To people out here who work as programmers & computer scientists :

I don't have a degree in CS and I have taught myself to code using Java & Python. These are languages which have garbage collections & no explicit references to memory locations(i.e pointers). I chose these languages as I found it much easier to learn & implement algorithms. And because of this, when I attend software developer interviews, I am unable to answer questions about memory leaks, pointers, etc. Even companies which don't use C or C++ seem to enjoy asking these questions.

Have I have handicapped myself by not learning C or C++ ?

I see that for Udacity's CS101, Python is going to be used as the language. Shouldn't a basic programming course be taught using C so that people understand what is going on inside the machine? (and perhaps be able to answer interview questions in the future.)

asked 14 Feb '12, 20:14

rbk's gravatar image

rbk
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edited 14 Feb '12, 20:16


Which language should be taught in a first CS class is a non-trivial question. For what it's worth the first languages I learned (in order) were Basic. Fortran, Scheme, C, CLU, Pascal, C++. I think Python is a decent choice. I was going to elaborate, but think this link does it better than I would: http://mcsp.wartburg.edu/zelle/python/python-first.html

I don't know if you have handicapped yourself by not learning C/C++, but I would recommend at least learning C. I think it has a major role in the evolution of programming languages and IMHO the K&R book is a model of concise exposition. It also almost defines the "worse is better" school (http://www.jwz.org/doc/worse-is-better.html ) and I think it is valuable to have a sense of both this and "the right thing" school as part of learning to make tradeoffs in software design.

You might be interested in some of the discussions from when MIT switched from 6.001 in Scheme to 6.01 in Python (Google will find more if you like).
http://www.wisdomandwonder.com/link/2110/why-mit-switched-from-scheme-to-python
http://news.ycombinator.com/item?id=602307

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answered 14 Feb '12, 20:42

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rseiter ♦
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edited 14 Feb '12, 21:12

robrambusch's gravatar image

robrambusch ♦
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Thanks for your explanation and the links. The Python as the first language article was enlightening. I've tried to learn C, but I found myself spending most of my time with GDB without actually getting something to work and it literally scared me off. So looks like I just need to undergo the rigor & learn C. (And I hope Udacity/Coursera offer a Systems Programming course in the future).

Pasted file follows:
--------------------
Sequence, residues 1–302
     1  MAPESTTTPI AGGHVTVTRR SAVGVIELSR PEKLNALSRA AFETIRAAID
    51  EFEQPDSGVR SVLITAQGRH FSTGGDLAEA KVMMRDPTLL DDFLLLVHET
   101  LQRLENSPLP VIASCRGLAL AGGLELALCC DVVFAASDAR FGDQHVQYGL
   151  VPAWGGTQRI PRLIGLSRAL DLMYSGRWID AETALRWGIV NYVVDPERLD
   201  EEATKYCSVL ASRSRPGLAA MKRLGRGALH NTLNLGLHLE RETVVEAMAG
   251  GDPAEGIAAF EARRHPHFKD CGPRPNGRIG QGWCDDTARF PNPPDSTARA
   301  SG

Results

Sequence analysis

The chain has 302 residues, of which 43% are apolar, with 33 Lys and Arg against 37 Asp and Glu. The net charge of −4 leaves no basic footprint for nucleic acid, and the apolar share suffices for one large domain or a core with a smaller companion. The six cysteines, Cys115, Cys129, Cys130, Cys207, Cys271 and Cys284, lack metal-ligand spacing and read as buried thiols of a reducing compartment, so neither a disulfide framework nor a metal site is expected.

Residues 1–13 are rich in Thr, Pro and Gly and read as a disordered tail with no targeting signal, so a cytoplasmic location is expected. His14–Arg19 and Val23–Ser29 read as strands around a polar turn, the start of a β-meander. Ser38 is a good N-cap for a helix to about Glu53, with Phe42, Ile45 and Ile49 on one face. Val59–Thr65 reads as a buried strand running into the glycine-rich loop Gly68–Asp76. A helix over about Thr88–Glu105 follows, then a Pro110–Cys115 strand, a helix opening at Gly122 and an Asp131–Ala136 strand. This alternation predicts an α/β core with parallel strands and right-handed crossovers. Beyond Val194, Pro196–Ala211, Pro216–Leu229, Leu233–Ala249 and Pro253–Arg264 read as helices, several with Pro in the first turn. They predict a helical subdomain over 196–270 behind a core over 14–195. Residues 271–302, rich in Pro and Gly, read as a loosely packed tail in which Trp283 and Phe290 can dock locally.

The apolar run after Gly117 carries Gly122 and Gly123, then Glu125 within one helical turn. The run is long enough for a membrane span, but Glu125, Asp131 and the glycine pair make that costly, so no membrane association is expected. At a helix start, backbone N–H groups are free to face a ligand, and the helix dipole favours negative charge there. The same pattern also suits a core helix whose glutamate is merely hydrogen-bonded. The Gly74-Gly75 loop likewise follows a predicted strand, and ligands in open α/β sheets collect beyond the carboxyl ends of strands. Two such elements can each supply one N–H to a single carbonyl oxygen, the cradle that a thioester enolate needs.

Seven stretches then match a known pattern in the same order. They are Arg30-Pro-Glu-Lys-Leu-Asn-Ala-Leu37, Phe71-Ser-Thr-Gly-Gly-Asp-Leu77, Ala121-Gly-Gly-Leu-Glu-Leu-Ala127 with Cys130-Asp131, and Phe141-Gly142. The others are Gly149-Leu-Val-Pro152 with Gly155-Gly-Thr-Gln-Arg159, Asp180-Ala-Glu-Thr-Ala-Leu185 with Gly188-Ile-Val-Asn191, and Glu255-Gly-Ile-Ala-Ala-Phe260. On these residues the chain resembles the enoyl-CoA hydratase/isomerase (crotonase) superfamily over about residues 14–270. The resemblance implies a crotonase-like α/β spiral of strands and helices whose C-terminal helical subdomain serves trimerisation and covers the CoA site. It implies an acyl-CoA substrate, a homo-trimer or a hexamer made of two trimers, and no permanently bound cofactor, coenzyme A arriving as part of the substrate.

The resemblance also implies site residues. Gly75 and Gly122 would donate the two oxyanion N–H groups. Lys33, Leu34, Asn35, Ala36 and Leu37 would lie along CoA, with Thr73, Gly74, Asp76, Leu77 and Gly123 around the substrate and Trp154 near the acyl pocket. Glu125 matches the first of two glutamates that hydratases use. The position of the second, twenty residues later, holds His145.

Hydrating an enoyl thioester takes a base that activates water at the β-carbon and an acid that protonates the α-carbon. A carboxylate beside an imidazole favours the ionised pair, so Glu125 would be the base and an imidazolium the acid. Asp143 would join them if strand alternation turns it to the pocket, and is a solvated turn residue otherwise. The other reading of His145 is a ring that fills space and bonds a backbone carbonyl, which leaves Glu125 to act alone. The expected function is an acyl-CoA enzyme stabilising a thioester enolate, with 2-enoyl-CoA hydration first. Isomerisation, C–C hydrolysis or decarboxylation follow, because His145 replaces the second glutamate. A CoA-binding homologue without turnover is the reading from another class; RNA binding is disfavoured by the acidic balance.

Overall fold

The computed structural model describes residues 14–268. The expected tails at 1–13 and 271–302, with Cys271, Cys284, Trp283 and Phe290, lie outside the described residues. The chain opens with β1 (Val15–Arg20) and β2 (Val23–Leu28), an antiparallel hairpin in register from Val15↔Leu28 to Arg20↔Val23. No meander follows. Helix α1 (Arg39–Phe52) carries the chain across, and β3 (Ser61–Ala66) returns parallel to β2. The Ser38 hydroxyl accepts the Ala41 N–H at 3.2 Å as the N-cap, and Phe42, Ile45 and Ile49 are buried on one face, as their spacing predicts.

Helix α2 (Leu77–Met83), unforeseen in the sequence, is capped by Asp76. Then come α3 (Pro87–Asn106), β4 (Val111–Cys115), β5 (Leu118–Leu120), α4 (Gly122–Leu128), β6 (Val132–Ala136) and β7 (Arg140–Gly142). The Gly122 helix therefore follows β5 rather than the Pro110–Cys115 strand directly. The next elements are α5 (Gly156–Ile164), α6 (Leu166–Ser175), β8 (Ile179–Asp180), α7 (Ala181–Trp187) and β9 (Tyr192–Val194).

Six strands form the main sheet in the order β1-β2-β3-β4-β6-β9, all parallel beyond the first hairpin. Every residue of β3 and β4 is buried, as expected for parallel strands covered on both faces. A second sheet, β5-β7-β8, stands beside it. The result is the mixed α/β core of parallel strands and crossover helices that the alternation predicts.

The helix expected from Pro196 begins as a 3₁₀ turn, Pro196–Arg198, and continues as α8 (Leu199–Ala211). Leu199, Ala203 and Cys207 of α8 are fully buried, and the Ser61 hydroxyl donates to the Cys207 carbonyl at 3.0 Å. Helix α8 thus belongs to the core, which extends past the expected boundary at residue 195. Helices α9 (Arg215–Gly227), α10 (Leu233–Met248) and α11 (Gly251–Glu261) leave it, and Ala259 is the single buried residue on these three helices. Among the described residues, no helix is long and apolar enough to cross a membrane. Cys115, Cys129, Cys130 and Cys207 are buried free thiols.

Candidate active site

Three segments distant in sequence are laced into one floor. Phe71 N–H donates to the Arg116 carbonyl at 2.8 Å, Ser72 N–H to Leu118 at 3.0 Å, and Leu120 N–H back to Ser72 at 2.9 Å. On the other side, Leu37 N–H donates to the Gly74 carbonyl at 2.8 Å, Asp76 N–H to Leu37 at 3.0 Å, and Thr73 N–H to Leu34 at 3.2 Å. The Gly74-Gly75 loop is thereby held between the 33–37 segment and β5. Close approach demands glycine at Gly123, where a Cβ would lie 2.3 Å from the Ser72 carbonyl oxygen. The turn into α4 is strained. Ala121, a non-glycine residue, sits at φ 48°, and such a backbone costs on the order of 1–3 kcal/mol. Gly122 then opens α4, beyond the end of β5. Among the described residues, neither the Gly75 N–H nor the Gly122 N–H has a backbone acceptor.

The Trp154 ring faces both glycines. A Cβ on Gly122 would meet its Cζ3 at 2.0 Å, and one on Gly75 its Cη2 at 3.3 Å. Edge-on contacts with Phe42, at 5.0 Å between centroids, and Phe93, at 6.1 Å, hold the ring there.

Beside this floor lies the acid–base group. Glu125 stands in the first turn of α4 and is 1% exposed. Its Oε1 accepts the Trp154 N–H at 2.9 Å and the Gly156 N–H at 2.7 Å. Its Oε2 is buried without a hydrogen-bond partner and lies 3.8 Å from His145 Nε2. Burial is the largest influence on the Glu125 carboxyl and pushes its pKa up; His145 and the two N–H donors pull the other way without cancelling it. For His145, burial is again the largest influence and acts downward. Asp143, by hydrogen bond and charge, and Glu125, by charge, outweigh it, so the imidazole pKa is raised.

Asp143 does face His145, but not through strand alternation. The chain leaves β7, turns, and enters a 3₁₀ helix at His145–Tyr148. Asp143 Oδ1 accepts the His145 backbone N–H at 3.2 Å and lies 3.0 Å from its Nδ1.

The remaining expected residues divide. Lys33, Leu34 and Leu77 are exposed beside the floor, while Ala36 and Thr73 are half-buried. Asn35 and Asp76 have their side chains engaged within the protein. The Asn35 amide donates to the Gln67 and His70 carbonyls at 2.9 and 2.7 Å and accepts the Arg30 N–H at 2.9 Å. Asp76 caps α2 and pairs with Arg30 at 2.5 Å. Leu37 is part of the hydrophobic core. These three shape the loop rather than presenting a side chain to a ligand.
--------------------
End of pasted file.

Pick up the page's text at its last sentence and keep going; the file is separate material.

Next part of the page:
(14 Feb '12, 22:33) rbk rbk's gravatar image
You're welcome. I'm not surprised by your C experience. Like @NitNatNok said below that's a good reason not to use C/C++ in an intro class. I learned C from K&R while working as an intern. That was a long time ago so I don't have good current tips other than getting a copy of K&R (http://en.wikipedia.org/wiki/The_C_Programming_Language) and starting small. Perhaps someone else here can offer some better ideas for learning C.
(14 Feb '12, 22:45) rseiter ♦ rseiter's gravatar image
1
If you are trying to learn C and you already know a higher-level language or two, I think it would be helpful to first learn something about computer architecture (how processors work and so on). That way it's easier to understand what pointers are, for example. C isn't sometimes called as a portable assembler for nothing...
(15 Feb '12, 05:02) possu possu's gravatar image
2
Similar for me: I learned Basic, Pascal, C, Assembler, C++, Prolog, Java, PHP, JavaScript, Scheme, Python and maybe some other in approximately this order. The only ones that really seemed important were C, Lisp/Scheme and one of the 'simple object oriented' language, like Java or Python. C helps you understand about the hardware, and especially all the mistakes you can make if you are close to it. Lisp/Scheme helps you understand programming languages in general (because you can pretty much demonstrate all possible programming paradigms in this language, as demonstrated in "How to Design Programs" or the old SICP lectures). You can also learn about pointers in Lisp, if you want, but it won't give you the awkward 'Buffer Overflow'-experience provided by C. The third language can be any implementation language you need for practical purposes (with plenty of libraries available), which is required by your job or you simply feel comfortable coding in. If you have a certain foundation it's easy to adapt to Python or Java or something.
(15 Feb '12, 06:49) rhasarub rhasarub's gravatar image

Have I have handicapped myself by not learning C or C++ ?

Absolutely not!

First of all, nothing prevents you from learning C or C++ if you wish so.

At the same time a lot of people make a successful and satisfying carrier in software development without ever learning these languages. So don't feel that you must learn them. (But if you decide to learn it, I think you will find it a rewarding experience.)

I see that for Udacity's CS101, Python is going to be used as the language. Shouldn't a basic programming course be taught using C so that people understand what is going on inside the machine? (and perhaps be able to answer interview questions in the future.)